If you are in the throes of divorce, you likely know how challenging it is to decouple emotions from the critical financial decisions that you have to make at this time. The fact that many of the judgments and choices you make will have a significant impact on your future financial stability can add a substantial amount of stress into the equation. When it comes to property division, deciding what to do with the matrimonial home is oftentimes one of the most crucial decisions you will face.
In the aftermath of a divorce, there's a strong chance that each spouse may end up owning or renting a new home on his or her own. Since each party will now be operating on just one income, this could create some financial challenges. This is one reason that many couples consider putting the family home on the market because the proceeds could allow them a much more comfortable transition.
Consider the following steps
You may be hoping to get your divorce over and done with so you can move forward and start a new life, but you could ultimately regret rushing into the sale of your home. Advisers say timing is everything in real estate sales. You can have more control over the price you get and the fees you pay if you plan things carefully. Having control over the following matters may be beneficial:
- Is selling the right choice? Consider how much you might get for the home, the balance of your mortgage and how much you expect your share to be. Will that get you another house, or will you need to settle for a condominium or apartment? Maybe you will have to move to the suburbs and spend a fortune on commuting. How much debt could you potentially face while trying to start a new life without selling your current home?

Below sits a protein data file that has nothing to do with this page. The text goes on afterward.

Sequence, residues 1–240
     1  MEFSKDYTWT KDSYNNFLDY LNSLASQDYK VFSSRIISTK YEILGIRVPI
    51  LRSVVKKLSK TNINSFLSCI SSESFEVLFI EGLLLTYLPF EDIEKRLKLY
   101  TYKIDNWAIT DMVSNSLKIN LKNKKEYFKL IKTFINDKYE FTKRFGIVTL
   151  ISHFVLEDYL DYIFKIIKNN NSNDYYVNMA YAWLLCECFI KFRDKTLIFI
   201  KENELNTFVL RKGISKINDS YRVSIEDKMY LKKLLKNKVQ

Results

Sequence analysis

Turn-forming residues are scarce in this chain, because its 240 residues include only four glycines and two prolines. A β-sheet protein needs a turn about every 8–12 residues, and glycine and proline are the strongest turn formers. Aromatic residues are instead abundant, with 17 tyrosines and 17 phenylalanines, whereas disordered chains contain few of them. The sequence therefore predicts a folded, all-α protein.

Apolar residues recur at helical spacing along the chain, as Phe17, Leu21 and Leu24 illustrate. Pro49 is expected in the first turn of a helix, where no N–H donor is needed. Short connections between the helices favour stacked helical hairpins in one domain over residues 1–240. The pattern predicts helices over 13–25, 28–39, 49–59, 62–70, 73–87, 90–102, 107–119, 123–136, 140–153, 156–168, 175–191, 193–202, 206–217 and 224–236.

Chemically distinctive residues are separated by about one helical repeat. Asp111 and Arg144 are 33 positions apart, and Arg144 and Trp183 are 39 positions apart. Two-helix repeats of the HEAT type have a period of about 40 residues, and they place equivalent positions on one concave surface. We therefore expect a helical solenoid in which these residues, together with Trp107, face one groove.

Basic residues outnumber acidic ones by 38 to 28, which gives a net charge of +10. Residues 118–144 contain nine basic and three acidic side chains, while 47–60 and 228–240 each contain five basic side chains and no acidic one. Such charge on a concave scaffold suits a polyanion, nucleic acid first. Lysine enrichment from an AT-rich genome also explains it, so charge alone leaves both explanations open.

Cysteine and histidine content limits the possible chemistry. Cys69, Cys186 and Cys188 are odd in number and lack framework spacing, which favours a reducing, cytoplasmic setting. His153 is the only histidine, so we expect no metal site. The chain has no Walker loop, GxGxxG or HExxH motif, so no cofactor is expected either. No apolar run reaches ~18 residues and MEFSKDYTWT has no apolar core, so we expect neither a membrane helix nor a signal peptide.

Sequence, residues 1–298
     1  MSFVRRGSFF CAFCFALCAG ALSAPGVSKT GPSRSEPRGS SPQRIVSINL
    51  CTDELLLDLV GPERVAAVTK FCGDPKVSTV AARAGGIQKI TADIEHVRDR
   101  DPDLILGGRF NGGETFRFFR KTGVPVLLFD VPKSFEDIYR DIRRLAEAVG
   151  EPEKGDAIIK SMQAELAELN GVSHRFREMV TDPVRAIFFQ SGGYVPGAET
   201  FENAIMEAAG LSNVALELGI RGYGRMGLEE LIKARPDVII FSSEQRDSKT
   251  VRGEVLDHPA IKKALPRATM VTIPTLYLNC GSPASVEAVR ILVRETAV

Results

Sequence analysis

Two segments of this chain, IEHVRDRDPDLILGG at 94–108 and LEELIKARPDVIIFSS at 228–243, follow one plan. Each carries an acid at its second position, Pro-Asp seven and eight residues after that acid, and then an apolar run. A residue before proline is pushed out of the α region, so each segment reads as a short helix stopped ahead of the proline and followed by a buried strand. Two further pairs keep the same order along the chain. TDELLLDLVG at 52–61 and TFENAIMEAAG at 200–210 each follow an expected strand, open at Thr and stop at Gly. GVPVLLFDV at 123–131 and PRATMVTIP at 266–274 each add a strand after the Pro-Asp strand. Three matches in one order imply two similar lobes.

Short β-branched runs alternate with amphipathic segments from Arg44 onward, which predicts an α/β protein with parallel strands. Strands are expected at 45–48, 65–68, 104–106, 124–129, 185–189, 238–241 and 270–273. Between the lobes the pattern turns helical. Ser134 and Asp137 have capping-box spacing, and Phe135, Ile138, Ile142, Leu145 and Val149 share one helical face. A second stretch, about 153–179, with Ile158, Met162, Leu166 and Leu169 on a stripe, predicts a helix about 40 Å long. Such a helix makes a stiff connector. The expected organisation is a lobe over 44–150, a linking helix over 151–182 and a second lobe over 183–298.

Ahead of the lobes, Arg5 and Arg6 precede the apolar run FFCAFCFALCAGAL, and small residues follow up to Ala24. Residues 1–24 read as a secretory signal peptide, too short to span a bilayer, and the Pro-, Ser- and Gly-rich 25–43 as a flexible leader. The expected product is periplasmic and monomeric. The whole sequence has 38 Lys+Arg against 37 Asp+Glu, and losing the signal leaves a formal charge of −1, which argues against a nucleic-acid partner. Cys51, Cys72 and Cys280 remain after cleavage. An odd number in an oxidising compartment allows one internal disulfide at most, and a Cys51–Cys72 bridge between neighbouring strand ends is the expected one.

- Keep your divorce confidential: Buyers need not know that you want to sell the house because you are going through a divorce. If they do, they might look up court documents to learn about your financial situation. They could then see the minimum price the court will accept, putting you at a disadvantage. Some realtors suggest you leave personal items of both spouses around the house -- even if one has relocated -- to create the picture of a family home.
- Timing is crucial: If you rush the sale, you could leave a healthy amount of money on the table. Waiting for a healthy market could yield thousands of dollars more than a quick sale just to get it done. If you put your house on the market when buyers are plentiful, the chances of getting your asked price are significantly higher.
- Transaction costs: When doing your calculations, remember to consider the fees and costs. Breaking the mortgage may cost thousands of dollars, and along with land transfer taxes, realtor commissions, movers and other fees, the picture might look entirely different. These charges could reduce your equity by as much as 10 percent.
Handle your real estate breakup wisely
After considering all the pros and cons of selling your matrimonial home, if you find that it is the right option for you, there are resources available to you during this challenging time. Attempting to sell a home is an extremely complicated process under normal circumstances, and it could be even more daunting if this is part of a divorce or separation.
Fortunately, you will have the option of seeking legal counsel. If you choose an Ontario lawyer who has experience in both real estate and family law, you will have a unique advantage of guidance that will help you avoid some of the common financial and other pitfalls of both divorce and selling a property.